At this point, Gastesi said, he doesn’t see any immediate issues with the County meeting their monthly debt service.
“We should be okay there. [For] most of that we pledged the infrastructure sales tax. Most of it goes out many years. This is the tight year. 2019/20 was always going to be the tight year but that money is already in the bank. So, as time goes on if we have to adjust the debt… but we don’t expect to have to have to do any debt service adjustments – we’re in pretty good shape.”
Gastesi explained that County employees have been categorized into the following four categories:
- those with no work, (to be 100% furloughed)
- those with some work, (to be partially furloughed)
- those who can work from home (the majority of employees – who will continue to receive full salaries)
- those who have work that requires them to work outside their home and who due to the risks they are taking (of becoming infected with Covid-19) by working outside the home. (Gastesi is proposing hazard pay equal to time-and-one-half.)
“The good news,” Gastesi said, “is that the new enhanced unemployment program [the Federal CARES Act] is pretty good and in some instances employees might even be making more money that they are making now. Because if you get the $1200 up front and then you get the $875 per week, that’s $46,700 a year of salary. A lot of our folks that are entry level are not making that kind of money.”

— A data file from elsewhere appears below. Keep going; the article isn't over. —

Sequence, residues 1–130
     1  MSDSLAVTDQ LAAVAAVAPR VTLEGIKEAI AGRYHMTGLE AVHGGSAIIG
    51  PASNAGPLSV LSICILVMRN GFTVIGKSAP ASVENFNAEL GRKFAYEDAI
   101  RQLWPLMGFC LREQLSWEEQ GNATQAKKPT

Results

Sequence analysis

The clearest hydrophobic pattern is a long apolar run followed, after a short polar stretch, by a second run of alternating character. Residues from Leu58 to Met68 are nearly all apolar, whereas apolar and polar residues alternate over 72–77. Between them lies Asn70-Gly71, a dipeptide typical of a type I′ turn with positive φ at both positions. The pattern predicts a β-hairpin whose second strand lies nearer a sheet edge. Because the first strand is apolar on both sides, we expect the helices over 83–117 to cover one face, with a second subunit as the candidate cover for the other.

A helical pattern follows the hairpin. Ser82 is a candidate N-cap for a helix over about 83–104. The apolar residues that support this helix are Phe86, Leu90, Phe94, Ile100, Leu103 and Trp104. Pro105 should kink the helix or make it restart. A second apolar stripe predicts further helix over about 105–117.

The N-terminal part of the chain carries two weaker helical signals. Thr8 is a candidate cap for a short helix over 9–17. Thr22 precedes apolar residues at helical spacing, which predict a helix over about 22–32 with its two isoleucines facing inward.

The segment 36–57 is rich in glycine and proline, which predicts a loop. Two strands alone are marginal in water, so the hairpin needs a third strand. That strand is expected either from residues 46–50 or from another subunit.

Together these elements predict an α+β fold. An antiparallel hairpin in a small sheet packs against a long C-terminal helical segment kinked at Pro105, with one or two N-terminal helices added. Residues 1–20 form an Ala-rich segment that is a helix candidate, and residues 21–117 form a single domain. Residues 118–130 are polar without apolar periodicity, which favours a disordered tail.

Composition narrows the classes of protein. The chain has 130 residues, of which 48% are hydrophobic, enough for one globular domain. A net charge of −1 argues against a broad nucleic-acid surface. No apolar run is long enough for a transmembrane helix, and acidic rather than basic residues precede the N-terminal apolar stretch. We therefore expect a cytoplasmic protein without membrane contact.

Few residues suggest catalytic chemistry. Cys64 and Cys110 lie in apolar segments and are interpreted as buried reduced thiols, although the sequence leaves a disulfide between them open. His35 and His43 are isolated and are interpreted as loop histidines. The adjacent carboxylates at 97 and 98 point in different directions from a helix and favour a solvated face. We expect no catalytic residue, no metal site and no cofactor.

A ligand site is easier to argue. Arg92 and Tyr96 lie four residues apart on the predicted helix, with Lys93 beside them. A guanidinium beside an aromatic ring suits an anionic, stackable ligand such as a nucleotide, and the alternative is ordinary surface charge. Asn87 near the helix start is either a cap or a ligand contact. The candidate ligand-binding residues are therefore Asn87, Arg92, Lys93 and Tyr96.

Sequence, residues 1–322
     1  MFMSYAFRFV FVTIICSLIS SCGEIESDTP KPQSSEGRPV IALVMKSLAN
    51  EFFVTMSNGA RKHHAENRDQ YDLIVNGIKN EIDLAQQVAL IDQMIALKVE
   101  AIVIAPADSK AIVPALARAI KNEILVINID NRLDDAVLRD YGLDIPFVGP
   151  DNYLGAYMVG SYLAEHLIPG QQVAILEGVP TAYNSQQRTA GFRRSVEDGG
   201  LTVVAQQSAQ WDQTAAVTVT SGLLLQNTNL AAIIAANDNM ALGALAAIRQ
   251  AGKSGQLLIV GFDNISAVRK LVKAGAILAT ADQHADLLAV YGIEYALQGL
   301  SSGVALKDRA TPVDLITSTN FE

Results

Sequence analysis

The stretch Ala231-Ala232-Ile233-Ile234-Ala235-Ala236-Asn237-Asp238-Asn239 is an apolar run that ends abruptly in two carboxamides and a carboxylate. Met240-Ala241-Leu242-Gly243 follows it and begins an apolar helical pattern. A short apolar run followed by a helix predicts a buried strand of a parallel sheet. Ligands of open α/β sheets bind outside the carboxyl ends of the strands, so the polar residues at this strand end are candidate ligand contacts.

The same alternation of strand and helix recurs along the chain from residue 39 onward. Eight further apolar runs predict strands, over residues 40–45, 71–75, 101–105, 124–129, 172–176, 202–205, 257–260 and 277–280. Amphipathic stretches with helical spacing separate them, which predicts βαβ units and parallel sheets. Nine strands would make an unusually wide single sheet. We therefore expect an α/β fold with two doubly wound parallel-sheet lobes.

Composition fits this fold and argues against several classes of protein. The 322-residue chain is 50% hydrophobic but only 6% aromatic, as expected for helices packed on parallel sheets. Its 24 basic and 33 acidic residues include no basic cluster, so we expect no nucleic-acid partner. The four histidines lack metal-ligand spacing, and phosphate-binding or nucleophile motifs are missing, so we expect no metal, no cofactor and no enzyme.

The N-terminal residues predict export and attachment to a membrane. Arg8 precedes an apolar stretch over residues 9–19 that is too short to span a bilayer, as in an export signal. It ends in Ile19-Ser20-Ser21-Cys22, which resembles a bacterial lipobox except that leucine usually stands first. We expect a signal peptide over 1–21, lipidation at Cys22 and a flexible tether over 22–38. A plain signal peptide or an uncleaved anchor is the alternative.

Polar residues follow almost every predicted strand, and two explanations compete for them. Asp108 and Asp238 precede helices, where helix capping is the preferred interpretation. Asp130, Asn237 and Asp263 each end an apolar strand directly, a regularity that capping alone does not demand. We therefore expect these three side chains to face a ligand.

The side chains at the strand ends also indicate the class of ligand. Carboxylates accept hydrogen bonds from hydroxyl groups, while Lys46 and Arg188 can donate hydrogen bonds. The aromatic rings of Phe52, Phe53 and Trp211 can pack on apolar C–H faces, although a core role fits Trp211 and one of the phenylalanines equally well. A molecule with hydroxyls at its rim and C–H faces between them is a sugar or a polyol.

In the State of Florida unemployed workers can receive up to $275/wk. With the enhanced unemployment benefit, laid off workers can receive up to $875/week, and no eligible employee will receive less than $600 per week.
When asked how much money the County expected to save by laying off County employees Gastesi said,
“Not sure how long we’re gonna have it in place because it all depends on that flattening of the curve and how long this goes on. We have some estimates how much we can save based upon the sixteen weeks that the federal program has been put together which takes us to the end of July – four months.”
Gastesi estimated that in that sixteen-week period, if 30 employees were furloughed (some partially furloughed) the County would save in the neighborhood of $500,000; 100 employees furloughed (some partially furloughed) would save the County around $1.7 Million in that same period.
County employees may also be eligible, if they qualify (because they are ill or are caring for someone who has fallen ill with Covid-19) for sick leave under the Families First Coronavirus Response Act (FFCRA) which went into effect April 1, 2020.
Gastesi said he was unable, at this time, to give specific information regarding precisely how many and which employees would be furloughed or partially furloughed but that more detailed information will likely be available next week.
When asked whether any upper level County administers had volunteered to take a pay cut Gastesi said, “I haven’t heard of any.”